Breaking the Impasse in Bangladeshby Representative Adam B. Schiff
Posted on 2014-01-15
SCHIFF. Mr. Speaker, the political standoff between the two main
political parties in Bangladesh has rocked that country and threatened
its democracy, its stability, and its economic progress.
Throughout 2013 and in the run-up to elections last week, a series of general strikes paralyzed Bangladesh, and hundreds were killed in clashes between rival political factions. Opposition leaders and human rights activists were arrested, and Bangladeshi courts were used to target opposition figures and their sympathizers.
The feud in Bangladesh pits Prime Minister Sheikh Hasina, the leader of the ruling Awami League party, against Khaleda Zia, a former Prime Minister who is the leader of the opposition Bangladesh Nationalist Party, or BNP. The leaders, known to their countrymen as the ``two ladies,'' have dominated Bangladeshi politics since democracy was restored in the mid-1990s, when Hasina's Awami positioned itself as secular and social democratic in ideology and Zia's BNP as more centrist and religious.
Tense relations between the two women and their supporters were further inflamed last year when a third party allied with BNP was barred from participating in the elections and the government declined to dissolve itself in favor of a caretaker government that would exist only to supervise the elections. This had been the custom in Bangladesh in prior elections.
Prime Minister Hasina's actions convinced Ms. Zia that BNP would be better served by boycotting the polling, which the BNP did in the hopes that the government would be pressured into resigning before the vote. When the government did not accede to the BNP's demands, the opposition took to the street. But the government held firm and, amid diminished voter turnout and widespread violence, Awami swept last week's vote, deepening the crisis.
Born from a brutal civil war in 1971, Bangladesh has faced enormous challenges in its 43-year history--endemic poverty, one of densest populations in the world, and unpredictable weather that both sustains and destroys the country's year-round agricultural production.
Governance, too, has been a challenge, with the country consistently ranked among the world's most corrupt and the nation's institutions highly politicized. And nothing has come to symbolize the failure of governance like the garment industry and its horrific record on worker safety, a record that threatens the cornerstone of Bangladesh's economy.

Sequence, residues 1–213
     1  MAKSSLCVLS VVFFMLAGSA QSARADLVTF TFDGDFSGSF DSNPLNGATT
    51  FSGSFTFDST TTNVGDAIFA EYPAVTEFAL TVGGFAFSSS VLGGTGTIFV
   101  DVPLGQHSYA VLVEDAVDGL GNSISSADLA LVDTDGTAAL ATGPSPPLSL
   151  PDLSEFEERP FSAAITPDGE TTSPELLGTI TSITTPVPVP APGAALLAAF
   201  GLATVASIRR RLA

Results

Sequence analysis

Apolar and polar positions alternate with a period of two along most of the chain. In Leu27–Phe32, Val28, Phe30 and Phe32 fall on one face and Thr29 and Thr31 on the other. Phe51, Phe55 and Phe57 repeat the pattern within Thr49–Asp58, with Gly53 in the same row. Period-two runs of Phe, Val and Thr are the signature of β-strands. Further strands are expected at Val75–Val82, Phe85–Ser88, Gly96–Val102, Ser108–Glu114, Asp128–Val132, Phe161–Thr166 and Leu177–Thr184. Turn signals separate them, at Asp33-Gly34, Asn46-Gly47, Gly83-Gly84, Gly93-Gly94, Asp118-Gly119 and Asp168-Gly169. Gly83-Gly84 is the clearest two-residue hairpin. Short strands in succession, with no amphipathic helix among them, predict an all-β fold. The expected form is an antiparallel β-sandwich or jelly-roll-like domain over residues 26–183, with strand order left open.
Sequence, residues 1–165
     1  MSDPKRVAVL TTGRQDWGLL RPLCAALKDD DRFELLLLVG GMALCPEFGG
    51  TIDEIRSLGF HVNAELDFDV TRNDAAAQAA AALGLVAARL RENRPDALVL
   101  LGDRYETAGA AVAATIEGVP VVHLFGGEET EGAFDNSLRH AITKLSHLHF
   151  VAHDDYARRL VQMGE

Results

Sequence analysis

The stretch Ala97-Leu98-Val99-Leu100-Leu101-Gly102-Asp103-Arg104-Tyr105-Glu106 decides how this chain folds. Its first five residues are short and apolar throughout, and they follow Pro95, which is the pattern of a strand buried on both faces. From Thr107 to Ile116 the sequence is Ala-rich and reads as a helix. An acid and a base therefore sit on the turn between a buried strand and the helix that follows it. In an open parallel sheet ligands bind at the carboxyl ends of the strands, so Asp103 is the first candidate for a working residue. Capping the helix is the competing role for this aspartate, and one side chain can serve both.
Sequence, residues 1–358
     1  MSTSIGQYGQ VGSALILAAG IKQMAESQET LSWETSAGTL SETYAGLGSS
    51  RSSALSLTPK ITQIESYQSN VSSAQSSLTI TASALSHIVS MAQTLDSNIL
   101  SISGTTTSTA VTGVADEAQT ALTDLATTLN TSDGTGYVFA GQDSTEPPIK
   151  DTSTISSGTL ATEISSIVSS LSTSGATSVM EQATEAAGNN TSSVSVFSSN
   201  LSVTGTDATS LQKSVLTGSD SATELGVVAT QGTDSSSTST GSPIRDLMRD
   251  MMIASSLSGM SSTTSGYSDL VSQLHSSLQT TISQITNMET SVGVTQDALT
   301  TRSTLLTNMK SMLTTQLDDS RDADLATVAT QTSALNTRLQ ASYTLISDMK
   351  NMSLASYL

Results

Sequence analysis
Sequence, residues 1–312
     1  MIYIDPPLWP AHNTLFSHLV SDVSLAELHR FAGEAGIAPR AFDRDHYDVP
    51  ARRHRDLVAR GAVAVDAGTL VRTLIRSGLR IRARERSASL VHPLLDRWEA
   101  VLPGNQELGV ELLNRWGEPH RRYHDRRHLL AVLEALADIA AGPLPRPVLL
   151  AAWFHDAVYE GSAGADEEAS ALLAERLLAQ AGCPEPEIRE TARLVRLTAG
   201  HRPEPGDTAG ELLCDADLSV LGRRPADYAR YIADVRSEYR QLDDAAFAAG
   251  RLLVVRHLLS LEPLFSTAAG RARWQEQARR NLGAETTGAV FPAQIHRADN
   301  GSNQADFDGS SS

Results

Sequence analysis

In spite of these and a host of other challenges, Bangladesh has made remarkable strides. According to a report issued by the World Bank last June, from 2000 until 2010, Bangladesh experienced steady and strong GDP growth of nearly 6 percent per year on average. Even so, about a third of Bangladeshis live in poverty, and economic hardship is especially prevalent in the rural parts of the country.
Given the country's history, its recent progress and the hurdles remaining, if Bangladesh is to reach its goal of becoming a middle- income country by 2021, the question of governance is central and makes the political standoff that has gripped the country even more tragic and counterproductive. Bangladesh's middle-income aspirations are contingent on a significant rise in GDP growth and a broad reform agenda, neither of which is possible under current conditions.
Fortunately, there is a precedent that could allow for an exit from the impasse through new elections. In February 1996, elections were boycotted by Awami and other opposition parties, and the BNP took nearly all of the seats, touching off a crisis of legitimacy similar to that now gripping Dhaka. Four months later, new elections were held under the auspices of a caretaker government, and the outcome favored Awami.
Now, as then, the time has come for cooler heads to prevail and for a new election to be called that will give all parties the time and space needed to organize and campaign. The recent release of Ms. Zia from house arrest should be followed by the release of others detained for political reasons. There should be a mutual pledge of nonviolence, guarantees of noninterference in political campaigning by police and security forces, and a pledge to respect the people's mandate.
The people of Bangladesh, who have suffered mightily and who have also risen to every challenge over the course of more than four decades, deserve better than to be caught between two stubborn matriarchs. New elections should be scheduled and Bangladeshi voters given a free and fair chance in determining their country's future.